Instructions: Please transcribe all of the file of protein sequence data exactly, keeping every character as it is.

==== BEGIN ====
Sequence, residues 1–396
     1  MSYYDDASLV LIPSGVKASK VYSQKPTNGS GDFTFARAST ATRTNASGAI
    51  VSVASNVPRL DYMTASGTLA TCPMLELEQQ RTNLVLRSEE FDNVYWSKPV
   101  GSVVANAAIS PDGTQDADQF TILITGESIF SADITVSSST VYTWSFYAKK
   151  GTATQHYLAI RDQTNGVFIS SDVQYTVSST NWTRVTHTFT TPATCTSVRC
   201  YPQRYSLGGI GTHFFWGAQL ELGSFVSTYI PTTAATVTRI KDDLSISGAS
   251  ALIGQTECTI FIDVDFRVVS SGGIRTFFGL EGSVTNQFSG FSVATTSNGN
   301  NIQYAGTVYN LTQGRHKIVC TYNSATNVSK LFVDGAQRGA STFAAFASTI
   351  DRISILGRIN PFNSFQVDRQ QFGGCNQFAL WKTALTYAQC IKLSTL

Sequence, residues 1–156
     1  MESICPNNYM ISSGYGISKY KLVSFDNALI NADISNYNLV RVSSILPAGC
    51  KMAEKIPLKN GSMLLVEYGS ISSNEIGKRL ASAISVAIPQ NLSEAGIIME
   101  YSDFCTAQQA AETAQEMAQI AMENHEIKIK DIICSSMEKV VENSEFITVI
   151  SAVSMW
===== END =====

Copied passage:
Sequence, residues 1–396
     1  MSYYDDASLV LIPSGVKASK VYSQKPTNGS GDFTFARAST ATRTNASGAI
    51  VSVASNVPRL DYMTASGTLA TCPMLELEQQ RTNLVLRSEE FDNVYWSKPV
   101  GSVVANAAIS PDGTQDADQF TILITGESIF SADITVSSST VYTWSFYAKK
   151  GTATQHYLAI RDQTNGVFIS SDVQYTVSST NWTRVTHTFT TPATCTSVRC
   201  YPQRYSLGGI GTHFFWGAQL ELGSFVSTYI PTTAATVTRI KDDLSISGAS
   251  ALIGQTECTI FIDVDFRVVS SGGIRTFFGL EGSVTNQFSG FSVATTSNGN
   301  NIQYAGTVYN LTQGRHKIVC TYNSATNVSK LFVDGAQRGA STFAAFASTI
   351  DRISILGRIN PFNSFQVDRQ QFGGCNQFAL WKTALTYAQC IKLSTL

Sequence, residues 1–156
     1  MESICPNNYM ISSGYGISKY KLVSFDNALI NADISNYNLV RVSSILPAGC
    51  KMAEKIPLKN GSMLLVEYGS ISSNEIGKRL ASAISVAIPQ NLSEAGIIME
   101  YSDFCTAQQA AETAQEMAQI AMENHEIKIK DIICSSMEKV VENSEFITVI
   151  SAVSMW